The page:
What does palliative mean?

Definitions for palliative
ˈpæl iˌeɪ tɪv, -i ə tɪvpal·lia·tive

This dictionary definitions page includes all the possible meanings, example usage and translations of the word palliative.

Princeton's WordNet

  1. palliative, alleviant, alleviatoradjective

    remedy that alleviates pain without curing

  2. alleviative, alleviatory, lenitive, mitigative, mitigatory, palliativeadjective

    moderating pain or sorrow by making it easier to bear


  1. palliativenoun

    Something that palliates, particularly a palliative medicine.

    The radiation and chemotherapy were only palliatives.

  2. palliativeadjective

    Minimising the progression of a disease and relieving undesirable symptoms for as long as possible, rather than attempting to cure the (usually incurable) disease.

  3. Etymology: From *palliativus, from palliare, from pallium.

Samuel Johnson's Dictionary

  1. Palliativeadjective

    Etymology: palliatif, Fr. from palliate.

    Consumption pulmonary seldom admits of any other than a palliative cure, and is generally incurable when hereditary. John Arbuthnot, on Diet.

  2. Palliativenoun

    Something mitigating; something alleviating.

    Etymology: from palliate.

    It were more safe to trust to the general aversion of our people against this coin, than apply those palliatives which weak, perfidious, or abject politicians administer. Jonathan Swift.


  1. Palliative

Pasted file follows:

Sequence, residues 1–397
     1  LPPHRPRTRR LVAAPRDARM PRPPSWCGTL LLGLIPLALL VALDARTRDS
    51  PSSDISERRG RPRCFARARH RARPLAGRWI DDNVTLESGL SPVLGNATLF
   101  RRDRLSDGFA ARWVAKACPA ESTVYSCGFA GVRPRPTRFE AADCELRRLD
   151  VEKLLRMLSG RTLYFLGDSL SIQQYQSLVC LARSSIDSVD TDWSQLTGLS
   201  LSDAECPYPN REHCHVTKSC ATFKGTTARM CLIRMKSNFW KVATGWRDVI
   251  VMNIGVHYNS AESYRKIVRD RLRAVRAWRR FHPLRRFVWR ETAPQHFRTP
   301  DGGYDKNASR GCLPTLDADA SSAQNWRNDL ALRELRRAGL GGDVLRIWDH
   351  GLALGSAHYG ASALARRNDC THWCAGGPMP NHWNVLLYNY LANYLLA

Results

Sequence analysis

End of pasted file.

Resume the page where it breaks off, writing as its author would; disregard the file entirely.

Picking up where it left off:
Palliative care (derived from the Latin root palliare, or 'to cloak') is an interdisciplinary medical caregiving approach aimed at optimizing quality of life and mitigating suffering among people with serious, complex, and often terminal illnesses. Within the published literature, many definitions of palliative care exist. The World Health Organization (WHO) describes palliative care as "an approach that improves the quality of life of patients and their families facing the problems associated with life-threatening illness, through the prevention and relief of suffering by means of early identification and impeccable assessment and treatment of pain and other problems, physical, psychosocial, and spiritual." In the past, palliative care was a disease specific approach, but today the WHO takes a broader approach, that the principles of palliative care should be applied as early as possible to any chronic and ultimately fatal illness.Palliative care is appropriate for individuals with serious illnesses across the age spectrum and can be provided as the main goal of care or in tandem with curative treatment. It is provided by an interdisciplinary team which can include physicians, nurses, occupational and physical therapists, psychologists, social workers, chaplains, and dietitians. Palliative care can be provided in a variety of contexts, including hospitals, outpatient, skilled-nursing, and home settings. Although an important part of end-of-life care, palliative care is not limited to individuals near the end of life.Evidence supports the efficacy of a palliative care approach in improvement of a person's quality of life. Palliative care's main focus is to improve the quality of life for those with chronic illnesses. It is commonly the case that palliative care is provided at the end of life, but it can be helpful for a person of any stage of illness that is critical or any age.